Curious what it might cost to add your spouse, brother, mother or friend to your car insurance policy?
A new online estimation tool that went live this week helps those who are due to renew their insurance make that calculation.
On Sept. 1, the Insurance Corp. of B.C., from which all drivers must purchase their basic vehicle insurance, will move to an insurance model that is based on driver risk, and puts more weight on driving experience and crash history.
The biggest change for those who are renewing their insurance after that date will be listing the people who will drive their car regularly, a move that is meant to ensure that at-fault crashes follow the driver, not the vehicle owner.
“They can actually use the tool to add drivers and get a quote for their policy, and see what impact adding drivers will have on their premium,” said Tyler McGilvery, business process adviser for ICBC.
To get an estimate, the vehicle owner must enter information from their driver’s licence number and a licence plate number on the landing page. The next screen lists their policy, vehicle information and renewal date, and they can go from there to estimate their renewal cost.
The third screen lists their vehicle and insurance information, and the name of the primary driver. This is where they can begin to experiment with adding and removing other regular drivers — such as members of their household or employees — and see how those people will affect their premium.
Most of the basic insurance premium (75 per cent) is based on the principal driver, and of the other listed drivers, the one with the highest level of risk will make up the remaining 25 per cent.
Learner drivers can only be added in person at a broker’s office, and will be covered by a special premium that will range from $130 to $230 a year, depending on where the vehicle owner lives. They will not affect the vehicle owner’s premium or discounts.
Out-of-province drivers will also have to be added at the time of renewal.
“This tool is meant for customers to kind of get a sense of what effect adding drivers might have — it doesn’t cover every possible scenario,” McGilvery said.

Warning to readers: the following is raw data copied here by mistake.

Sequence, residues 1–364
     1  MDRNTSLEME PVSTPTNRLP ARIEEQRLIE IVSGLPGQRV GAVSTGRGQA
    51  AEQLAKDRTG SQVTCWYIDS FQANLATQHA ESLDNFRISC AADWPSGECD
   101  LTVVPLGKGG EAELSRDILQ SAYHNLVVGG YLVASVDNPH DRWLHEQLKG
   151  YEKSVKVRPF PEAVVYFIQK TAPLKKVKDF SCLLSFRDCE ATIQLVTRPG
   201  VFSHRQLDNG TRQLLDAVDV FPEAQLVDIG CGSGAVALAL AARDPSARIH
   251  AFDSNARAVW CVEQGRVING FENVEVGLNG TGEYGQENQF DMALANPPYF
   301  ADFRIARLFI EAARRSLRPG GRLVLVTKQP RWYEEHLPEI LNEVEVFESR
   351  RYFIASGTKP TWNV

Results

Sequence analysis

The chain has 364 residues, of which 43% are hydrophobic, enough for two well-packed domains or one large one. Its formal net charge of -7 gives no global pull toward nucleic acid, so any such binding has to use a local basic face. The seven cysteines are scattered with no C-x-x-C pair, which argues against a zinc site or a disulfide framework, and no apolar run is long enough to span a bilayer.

To add a driver, the vehicle owner needs to provide that person’s birthdate and driver’s licence number. The tool provides estimates for both basic and optional insurance.
Any information saved in the estimator tool about listed drivers can be seen by a broker and used during renewal.
Rate changes for optional insurance will be similar to those under the basic insurance, where frequent or serious driving convictions will be factored into premiums for collision and extended third-party liability coverage.
Two new discounts — for vehicles with factory-installed autonomous emergency braking and vehicles driven fewer than 5,000 kilometres per year — are not applied in the estimator tool, but all discounts that were on the policy previously are factored into the premium.
Customers also cannot change coverage in the tool, only get estimates based on existing coverage.
The estimation tool can only be used by someone whose insurance expires in 44 days or less. McGilvery said 44 days in advance of expiry is when ICBC gathers all available information and produces a quote.
“Prior to that, there’s not a quote created. Brokers cannot give a policy quote until that quote has been created,” he said.
Anyone hoping to shop around before they are due to renew can use an interactive educational tool that is already online, though it will only provide a rough estimate for basic insurance.
“It’s not tailored to each individual customer, so it’s a more hypothetical approach, where you can choose existing driver profiles, but it’s not actually using your policy and your vehicle information,” McGilvery said.
Renewals must be done at a broker’s office. The new tool can be found at icbc.com/change.
According to ICBC’s records of Aug. 20, those renewing under the new rules have paid an average of $72 less than they did last time they renewed. Out of 14,951 transactions, 6,483 paid more money for insurance, and the average increase was $205. Premiums decreased an average of $287 for 8,406 people. Sixty-two people saw no change.
Overall, ICBC expects that 55 per cent of its full-coverage customers — those who get both basic and optional insurance through ICBC — will pay less, and three-quarters of those people will save $200 or less. For those paying more, most will see an increase of up to $200.
“The model is working the way it was intended — higher risk drivers are paying more for the benefit of lower risk drivers,” said ICBC spokesperson Lindsay Wilkins.
B.C.’s Ombudsperson is reminding drivers that his office can investigate complaints about ICBC if people feel they are treated unfairly.
“Vehicle owners should take a close look at their next insurance policy to ensure the information being considered by ICBC in determining their renewal rate, such as accident history, is accurate,” said Ombudsperson Jay Chalke.
“We recommend that vehicle owners try to solve their problems directly with ICBC and its agents first, but if they still believe they have been treated unfairly, our investigators may be able to look more closely at individual complaints.”
— With a file from the Times Colonist